Student Feedback

At the end of every semester students will be invited to give feedback on the course and teaching through a tool called SET or Qualtrics. The lecturers and course co-ordinators will consider all feedback and respond with summaries and actions.

Your feedback helps teachers to improve the course and its delivery for future students.

Class Representatives in each class can take feedback to the department and faculty staff-student consultative committees.

Based on the feedback from students and the information received from the course, there are some rooms to be improved such as narrowing down some of concepts in lecture notes, setting more face to face or online sessions, deleting audio from ppt in course-builder and providing more precise video, refining assignment tutorials and providing more clear marking guideline, specifying course expectations on assignment tutorials, redesigning students contributions in Piazza. 
One of the great thing we have received as feedback from students were about sample assignment that we provided for students to give them clear idea how to prepare assignment. They were satisfied and it solved some of the confusion among students.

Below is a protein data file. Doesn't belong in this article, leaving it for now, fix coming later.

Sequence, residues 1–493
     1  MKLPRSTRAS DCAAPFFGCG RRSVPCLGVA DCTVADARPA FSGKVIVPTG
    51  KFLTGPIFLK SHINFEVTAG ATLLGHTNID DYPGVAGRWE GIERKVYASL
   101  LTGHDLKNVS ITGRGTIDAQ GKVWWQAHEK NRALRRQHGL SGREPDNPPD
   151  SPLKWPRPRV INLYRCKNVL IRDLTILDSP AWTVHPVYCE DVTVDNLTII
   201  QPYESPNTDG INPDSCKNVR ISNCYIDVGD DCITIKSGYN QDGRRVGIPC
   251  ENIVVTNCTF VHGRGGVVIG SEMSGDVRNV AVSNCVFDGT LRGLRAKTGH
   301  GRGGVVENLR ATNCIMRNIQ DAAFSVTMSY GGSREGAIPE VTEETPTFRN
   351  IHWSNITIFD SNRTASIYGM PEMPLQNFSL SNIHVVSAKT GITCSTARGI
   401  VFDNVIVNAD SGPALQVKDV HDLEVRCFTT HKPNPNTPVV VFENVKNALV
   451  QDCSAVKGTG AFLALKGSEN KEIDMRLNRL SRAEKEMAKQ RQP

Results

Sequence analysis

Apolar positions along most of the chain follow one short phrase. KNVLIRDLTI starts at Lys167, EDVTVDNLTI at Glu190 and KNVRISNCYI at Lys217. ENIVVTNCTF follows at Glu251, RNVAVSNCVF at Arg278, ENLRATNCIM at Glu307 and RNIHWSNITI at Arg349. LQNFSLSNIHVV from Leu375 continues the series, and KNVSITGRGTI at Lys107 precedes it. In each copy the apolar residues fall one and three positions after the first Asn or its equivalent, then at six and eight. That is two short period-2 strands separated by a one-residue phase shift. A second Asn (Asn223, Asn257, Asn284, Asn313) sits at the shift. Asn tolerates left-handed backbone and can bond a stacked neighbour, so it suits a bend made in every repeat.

Other Information

The course is divided into online modules, each with a series of supporting resources, including lectures, readings from the international research literature and other activities (e.g., software tutorials and focus questions for online discussion). All materials are accessed via the Web and online discussions/peer feedback will be heavily used. Online participation and constructive criticism to other students are taken into consideration during marking. Course readings are available via the University Library's website. This is an online course with optional face to face sessions; one at the beginning of the semester and another one at the end of the semester. These will be recorded and put up on CANVAS for those who cannot attend the sessions.

Digital Resources

Course materials are made available in a learning and collaboration tool called Canvas which also includes reading lists and lecture recordings (where available).

Please remember that the recording of any class on a personal device requires the permission of the instructor.

Academic Integrity

The University of Auckland will not tolerate cheating, or assisting others to cheat, and views cheating in coursework as a serious academic offence. The work that a student submits for grading must be the student's own work, reflecting their learning. Where work from other sources is used, it must be properly acknowledged and referenced. This requirement also applies to sources on the internet. A student's assessed work may be reviewed against online source material using computerised detection mechanisms.

Inclusive Learning

All students are asked to discuss any impairment related requirements privately, face to face and/or in written form with the course coordinator, lecturer or tutor.